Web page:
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Athanasios Trampas, Anastasia Mpeneka, Vivian Malliou, George Godolias and Periklis Vlachakis

Context:

Previous studies showed improved dynamic-balance (DB) performance after core-stability (CS) exercises in populations with chronic low back pain. Although clinical massage plus exercise is likely to better enhance analgesia than exercise alone, its efficacy on balance remains unclear.

Objective:

To evaluate the immediate effects of CS exercises plus myofascial trigger-point (MTrP) therapy in comparison with CS exercises alone on DB performance, pressure-pain threshold (PPT), and cross-sectional area of active MTrPs in patients with clinical instability of the lumbar spine and chronic myofascial pain syndrome.

Design:

Randomized, assessor-blind, test–retest.

Setting:

University research laboratory.

Patients:

10 physically active adults (5 men, 5 women).

Main Outcome Measures:

Single-leg DB performance and side-to-side ratios in 2 planes of motion (frontal, sagittal), as well as PPT and cross-sectional area of active MTrPs, were measured using stabilometry, pressure algometry, and real-time ultrasound scanning, respectively.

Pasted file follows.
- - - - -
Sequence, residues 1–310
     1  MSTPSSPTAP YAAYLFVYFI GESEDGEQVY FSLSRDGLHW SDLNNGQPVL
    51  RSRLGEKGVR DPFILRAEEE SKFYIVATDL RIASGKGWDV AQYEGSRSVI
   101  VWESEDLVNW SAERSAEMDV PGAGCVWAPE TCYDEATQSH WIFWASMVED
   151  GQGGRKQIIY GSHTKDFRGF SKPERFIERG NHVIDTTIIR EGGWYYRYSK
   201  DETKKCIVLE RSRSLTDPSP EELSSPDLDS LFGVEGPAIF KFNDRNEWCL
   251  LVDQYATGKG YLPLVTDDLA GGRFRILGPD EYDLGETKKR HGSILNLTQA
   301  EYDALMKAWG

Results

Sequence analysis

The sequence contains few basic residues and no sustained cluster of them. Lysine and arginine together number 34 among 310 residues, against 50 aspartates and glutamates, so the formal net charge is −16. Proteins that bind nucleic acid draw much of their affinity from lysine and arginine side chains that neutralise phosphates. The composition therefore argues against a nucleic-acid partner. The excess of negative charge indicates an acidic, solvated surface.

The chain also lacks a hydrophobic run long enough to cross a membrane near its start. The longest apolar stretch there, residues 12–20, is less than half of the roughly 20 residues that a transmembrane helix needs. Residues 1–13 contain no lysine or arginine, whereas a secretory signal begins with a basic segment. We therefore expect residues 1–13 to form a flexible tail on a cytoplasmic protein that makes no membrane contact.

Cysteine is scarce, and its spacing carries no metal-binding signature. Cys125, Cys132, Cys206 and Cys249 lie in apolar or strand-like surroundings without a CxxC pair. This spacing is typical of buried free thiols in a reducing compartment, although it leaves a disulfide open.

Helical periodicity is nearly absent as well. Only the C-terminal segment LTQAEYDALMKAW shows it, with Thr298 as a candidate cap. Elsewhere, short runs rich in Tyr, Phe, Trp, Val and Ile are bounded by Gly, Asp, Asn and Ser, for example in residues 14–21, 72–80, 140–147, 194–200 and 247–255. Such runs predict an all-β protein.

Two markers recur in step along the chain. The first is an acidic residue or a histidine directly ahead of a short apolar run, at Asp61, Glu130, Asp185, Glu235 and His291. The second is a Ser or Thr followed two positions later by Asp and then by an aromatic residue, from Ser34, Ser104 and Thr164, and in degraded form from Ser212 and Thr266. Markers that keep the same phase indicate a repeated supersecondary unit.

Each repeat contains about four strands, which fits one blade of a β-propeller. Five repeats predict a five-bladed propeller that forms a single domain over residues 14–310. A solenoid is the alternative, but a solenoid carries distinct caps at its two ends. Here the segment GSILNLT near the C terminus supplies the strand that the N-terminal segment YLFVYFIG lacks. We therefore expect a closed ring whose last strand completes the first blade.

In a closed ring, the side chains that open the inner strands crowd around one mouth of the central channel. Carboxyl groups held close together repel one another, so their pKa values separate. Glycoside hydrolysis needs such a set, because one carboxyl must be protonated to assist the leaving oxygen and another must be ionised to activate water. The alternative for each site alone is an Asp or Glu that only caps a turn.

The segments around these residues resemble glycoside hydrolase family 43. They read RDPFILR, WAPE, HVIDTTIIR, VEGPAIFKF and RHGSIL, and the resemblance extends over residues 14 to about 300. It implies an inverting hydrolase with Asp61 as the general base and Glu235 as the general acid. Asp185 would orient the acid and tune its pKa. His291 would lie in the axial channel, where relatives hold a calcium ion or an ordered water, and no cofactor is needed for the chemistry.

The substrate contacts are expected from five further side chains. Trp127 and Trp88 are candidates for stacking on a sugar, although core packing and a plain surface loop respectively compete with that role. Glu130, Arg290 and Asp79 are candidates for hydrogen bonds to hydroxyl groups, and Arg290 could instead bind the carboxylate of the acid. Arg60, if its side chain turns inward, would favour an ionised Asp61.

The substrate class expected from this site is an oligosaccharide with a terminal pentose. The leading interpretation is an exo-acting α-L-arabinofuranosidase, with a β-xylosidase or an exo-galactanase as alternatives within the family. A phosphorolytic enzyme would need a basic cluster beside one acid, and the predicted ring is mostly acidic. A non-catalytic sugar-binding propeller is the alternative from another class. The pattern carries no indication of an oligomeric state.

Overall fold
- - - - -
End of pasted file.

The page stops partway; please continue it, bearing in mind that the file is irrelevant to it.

Interventions:

The 1st group performed CS exercises alone, whereas the same exercise program was applied in the 2nd group plus cross-fiber friction on active MTrPs (3.5 min/MTrP).

Results:

Within-group statistically and clinically significant differences were observed only for group II in PPT. However, group I also exhibited a large effect size with clinically significant changes from baseline on this outcome. Furthermore, patients in group II clinically improved their balance ratios and differed from group I at posttest in sagittal-plane DB performance of the painful side.

Conclusion:

CS exercises immediately increase the PPT of active MTrPs in physically active adults with clinical instability of the lumbar spine and chronic myofascial pain syndrome. When MTrP therapy is added, side-to-side asymmetries in DB are minimized.

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Vasilios I. Kalapotharakos, Maria Michalopoulou, George Godolias, Savvas P. Tokmakidis, Paraskevi V. Malliou and Vasilios Gourgoulis

The purpose of this study was to investigate the effects of a 12-week resistance-training program on muscle strength and mass in older adults. Thirty-three inactive participants (60–74 years old) were assigned to 1 of 3 groups: high-resistance training (HT), moderate-resistance training (MT), and control. After the training period, both HT and MT significantly increased 1-RM body strength, the peak torque of knee extensors and flexors, and the midthigh cross-sectional area of the total muscle. In addition, both HT and MT significantly decreased the abdominal circumference. HT was more effective in increasing 1-RM strength, muscle mass, and peak knee-flexor torque than was MT. These data suggest that muscle strength and mass can be improved in the elderly with both high- and moderate-intensity resistance training, but high-resistance training can lead to greater strength gains and hypertrophy than can moderate-resistance training.